Blood tests may also be done to check for conditions that can lead to an enlarged heart, such as thyroid disease, HIV, or other viral infections. An electrocardiogram (EKG) is a test that studies your heart’s electrical activity, which can determine if you have an enlarged heart. This may be done along with an exercise stress test, which raises your heart rate to see how your heart will respond.
Other methods include CT scans and MRIs. A CT scan uses X-rays to create a video of your heart and blood flow, while an MRI uses magnets and radio waves to create detailed pictures of your heart.
Treatment for an enlarged heart focuses on managing the condition that causes it. This can include medication such as anti-arrhythmics, ACE inhibitors, anticoagulants, beta blockers, and diuretics. An enlarged heart may also require procedures such as implanting a pacemaker or an ICD. Surgery may also be a treatment option, including operations to repair or replace a damaged heart valve, a coronary artery bypass or stent placement, or in extreme cases, a heart transplant.
In some people, an enlarged heart may cause no symptoms. However, if the heart becomes unable to pump enough blood, it may result in symptoms of congestive heart failure, such as shortness of breath, leg swelling, weight gain, and fatigue. Other symptoms that may occur with an enlarged heart are arrhythmias and dizziness.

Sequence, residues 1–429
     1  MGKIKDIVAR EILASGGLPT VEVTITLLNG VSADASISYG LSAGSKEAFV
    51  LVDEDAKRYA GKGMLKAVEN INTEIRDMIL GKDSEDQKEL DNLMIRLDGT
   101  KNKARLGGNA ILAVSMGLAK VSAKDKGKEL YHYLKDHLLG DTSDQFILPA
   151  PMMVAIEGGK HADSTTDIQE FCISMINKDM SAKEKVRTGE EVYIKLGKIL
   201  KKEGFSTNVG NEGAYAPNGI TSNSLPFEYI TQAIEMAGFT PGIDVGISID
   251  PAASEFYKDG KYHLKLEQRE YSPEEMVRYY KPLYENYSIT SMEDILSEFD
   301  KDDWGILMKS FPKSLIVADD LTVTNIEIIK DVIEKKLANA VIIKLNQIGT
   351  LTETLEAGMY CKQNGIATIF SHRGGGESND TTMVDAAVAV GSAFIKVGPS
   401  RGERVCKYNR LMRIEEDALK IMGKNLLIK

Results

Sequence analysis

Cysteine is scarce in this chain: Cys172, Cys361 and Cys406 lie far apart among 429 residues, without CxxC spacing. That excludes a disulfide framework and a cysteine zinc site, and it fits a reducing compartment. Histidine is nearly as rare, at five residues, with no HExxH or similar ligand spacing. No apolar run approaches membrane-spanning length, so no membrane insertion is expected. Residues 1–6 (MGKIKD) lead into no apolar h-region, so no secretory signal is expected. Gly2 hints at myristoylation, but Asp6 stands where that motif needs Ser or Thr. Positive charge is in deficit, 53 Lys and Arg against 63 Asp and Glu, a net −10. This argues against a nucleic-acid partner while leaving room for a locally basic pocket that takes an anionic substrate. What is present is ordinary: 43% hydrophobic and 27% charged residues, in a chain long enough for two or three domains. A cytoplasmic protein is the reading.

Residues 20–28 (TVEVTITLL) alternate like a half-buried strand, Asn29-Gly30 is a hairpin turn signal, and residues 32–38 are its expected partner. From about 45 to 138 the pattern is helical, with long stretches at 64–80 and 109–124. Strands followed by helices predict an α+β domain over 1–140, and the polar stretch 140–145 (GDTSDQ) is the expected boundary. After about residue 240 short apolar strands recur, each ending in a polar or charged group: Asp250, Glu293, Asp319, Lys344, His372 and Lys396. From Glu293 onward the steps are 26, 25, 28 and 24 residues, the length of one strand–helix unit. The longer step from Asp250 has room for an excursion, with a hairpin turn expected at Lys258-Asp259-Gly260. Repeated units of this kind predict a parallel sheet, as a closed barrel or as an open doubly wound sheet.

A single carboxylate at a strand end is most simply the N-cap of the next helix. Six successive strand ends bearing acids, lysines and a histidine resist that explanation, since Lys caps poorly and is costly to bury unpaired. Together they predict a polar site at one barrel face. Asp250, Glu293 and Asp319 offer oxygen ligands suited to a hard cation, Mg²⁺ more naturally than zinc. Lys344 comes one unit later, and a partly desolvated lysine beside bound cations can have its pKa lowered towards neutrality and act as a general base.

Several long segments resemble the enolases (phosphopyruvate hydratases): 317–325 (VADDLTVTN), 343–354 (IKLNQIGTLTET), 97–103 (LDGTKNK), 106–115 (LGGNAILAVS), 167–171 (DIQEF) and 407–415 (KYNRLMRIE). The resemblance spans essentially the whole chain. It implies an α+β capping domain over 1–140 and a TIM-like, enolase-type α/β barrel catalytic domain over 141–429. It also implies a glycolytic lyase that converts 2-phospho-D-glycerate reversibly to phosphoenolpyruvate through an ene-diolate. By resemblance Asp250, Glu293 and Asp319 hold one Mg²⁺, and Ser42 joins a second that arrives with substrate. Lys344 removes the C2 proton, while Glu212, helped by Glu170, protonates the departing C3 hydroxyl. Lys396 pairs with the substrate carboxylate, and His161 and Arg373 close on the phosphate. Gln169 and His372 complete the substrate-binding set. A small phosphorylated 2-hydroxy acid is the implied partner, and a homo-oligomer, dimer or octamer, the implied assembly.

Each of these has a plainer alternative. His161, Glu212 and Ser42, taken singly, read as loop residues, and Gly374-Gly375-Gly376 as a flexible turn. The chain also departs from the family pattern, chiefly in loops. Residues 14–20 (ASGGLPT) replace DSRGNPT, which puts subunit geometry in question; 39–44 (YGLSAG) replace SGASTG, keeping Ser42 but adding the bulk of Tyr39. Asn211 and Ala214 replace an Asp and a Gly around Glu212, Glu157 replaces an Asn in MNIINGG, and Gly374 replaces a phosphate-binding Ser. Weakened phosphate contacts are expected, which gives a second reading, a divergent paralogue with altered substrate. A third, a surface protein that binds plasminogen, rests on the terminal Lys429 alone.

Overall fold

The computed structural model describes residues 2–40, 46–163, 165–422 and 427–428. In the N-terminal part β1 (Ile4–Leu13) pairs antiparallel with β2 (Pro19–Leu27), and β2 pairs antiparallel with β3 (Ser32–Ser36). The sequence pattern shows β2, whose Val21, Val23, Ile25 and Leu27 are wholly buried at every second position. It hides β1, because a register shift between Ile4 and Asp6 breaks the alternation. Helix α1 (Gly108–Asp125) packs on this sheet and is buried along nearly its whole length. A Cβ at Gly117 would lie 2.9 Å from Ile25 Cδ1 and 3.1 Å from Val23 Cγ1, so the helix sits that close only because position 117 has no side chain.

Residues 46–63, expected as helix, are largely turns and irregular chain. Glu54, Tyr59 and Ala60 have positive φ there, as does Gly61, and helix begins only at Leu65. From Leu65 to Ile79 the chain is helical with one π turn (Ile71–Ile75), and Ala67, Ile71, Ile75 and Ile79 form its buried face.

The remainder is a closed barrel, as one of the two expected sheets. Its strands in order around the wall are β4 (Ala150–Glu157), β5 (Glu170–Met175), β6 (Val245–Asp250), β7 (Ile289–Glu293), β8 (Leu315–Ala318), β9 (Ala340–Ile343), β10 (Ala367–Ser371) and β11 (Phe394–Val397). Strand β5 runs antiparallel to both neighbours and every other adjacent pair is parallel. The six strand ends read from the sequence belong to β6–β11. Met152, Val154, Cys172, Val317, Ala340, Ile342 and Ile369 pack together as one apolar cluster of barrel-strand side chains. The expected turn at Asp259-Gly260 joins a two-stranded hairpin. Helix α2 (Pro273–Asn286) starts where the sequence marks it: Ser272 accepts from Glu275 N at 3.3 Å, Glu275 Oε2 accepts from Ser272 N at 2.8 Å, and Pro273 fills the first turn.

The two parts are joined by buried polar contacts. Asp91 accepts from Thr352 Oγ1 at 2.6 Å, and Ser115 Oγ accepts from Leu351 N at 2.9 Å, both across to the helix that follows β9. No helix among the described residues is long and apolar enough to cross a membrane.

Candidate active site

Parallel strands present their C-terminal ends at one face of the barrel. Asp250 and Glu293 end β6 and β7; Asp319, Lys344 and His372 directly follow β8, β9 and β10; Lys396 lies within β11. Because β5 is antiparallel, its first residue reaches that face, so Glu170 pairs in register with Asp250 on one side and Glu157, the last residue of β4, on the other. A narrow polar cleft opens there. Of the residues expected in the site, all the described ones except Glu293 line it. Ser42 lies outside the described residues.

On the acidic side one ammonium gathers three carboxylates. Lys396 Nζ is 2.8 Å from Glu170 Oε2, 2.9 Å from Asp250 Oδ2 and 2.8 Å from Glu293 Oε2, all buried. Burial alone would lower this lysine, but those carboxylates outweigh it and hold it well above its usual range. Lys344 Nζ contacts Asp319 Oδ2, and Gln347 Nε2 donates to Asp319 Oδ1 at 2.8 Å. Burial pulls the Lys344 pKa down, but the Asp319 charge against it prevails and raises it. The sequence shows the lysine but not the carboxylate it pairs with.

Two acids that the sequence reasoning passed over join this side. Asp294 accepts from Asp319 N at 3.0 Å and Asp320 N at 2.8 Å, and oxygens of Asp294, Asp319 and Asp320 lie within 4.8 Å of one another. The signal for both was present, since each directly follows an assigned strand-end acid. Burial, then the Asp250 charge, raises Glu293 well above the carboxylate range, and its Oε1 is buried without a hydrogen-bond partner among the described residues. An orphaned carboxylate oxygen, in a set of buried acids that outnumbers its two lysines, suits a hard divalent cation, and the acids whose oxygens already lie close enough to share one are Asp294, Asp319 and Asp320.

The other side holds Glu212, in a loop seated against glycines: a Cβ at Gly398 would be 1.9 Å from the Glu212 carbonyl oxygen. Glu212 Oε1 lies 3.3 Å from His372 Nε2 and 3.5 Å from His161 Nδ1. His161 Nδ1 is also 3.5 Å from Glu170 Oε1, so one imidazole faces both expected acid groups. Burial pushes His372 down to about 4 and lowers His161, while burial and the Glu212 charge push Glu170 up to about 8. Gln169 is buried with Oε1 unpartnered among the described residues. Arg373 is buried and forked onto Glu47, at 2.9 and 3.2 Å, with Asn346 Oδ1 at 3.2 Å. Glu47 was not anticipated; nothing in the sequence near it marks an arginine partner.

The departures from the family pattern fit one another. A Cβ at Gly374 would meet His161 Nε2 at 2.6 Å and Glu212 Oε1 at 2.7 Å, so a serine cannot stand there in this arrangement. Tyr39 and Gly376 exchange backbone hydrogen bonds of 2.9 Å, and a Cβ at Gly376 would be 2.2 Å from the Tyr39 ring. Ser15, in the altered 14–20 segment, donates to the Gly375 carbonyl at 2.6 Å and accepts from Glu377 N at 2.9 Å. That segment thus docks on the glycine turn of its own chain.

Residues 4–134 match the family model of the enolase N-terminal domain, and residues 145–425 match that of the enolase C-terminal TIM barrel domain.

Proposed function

If you experience chest pain, fainting, or discomfort in areas of the upper body such as the arms, back, neck, jaw, or stomach, call 911 immediately as you may be having a heart attack due to an enlarged heart. It’s important to contact your doctor as soon as you experience any symptoms, as it’s easier to treat an enlarged heart when it’s detected early.
Complications that stem from an enlarged heart depend on the cause of the condition along with the part that is enlarged. Complications include:
Heart failure: An enlarged left ventricle is one of the most serious forms of an enlarged heart, as this increases the risk of heart failure. Heart failure causes your heart muscle to weaken and the ventricles to stretch enough that the heart can’t pump blood efficiently.
Blood clots: Cardiomegaly may make you more likely to form blood clots in the lining of your heart. If these clots enter your bloodstream, they can block blood flow to vital organs, which may result in a heart attack or stroke. Clots that develop in the right chamber of your heart may enter your lungs, causing a pulmonary embolism.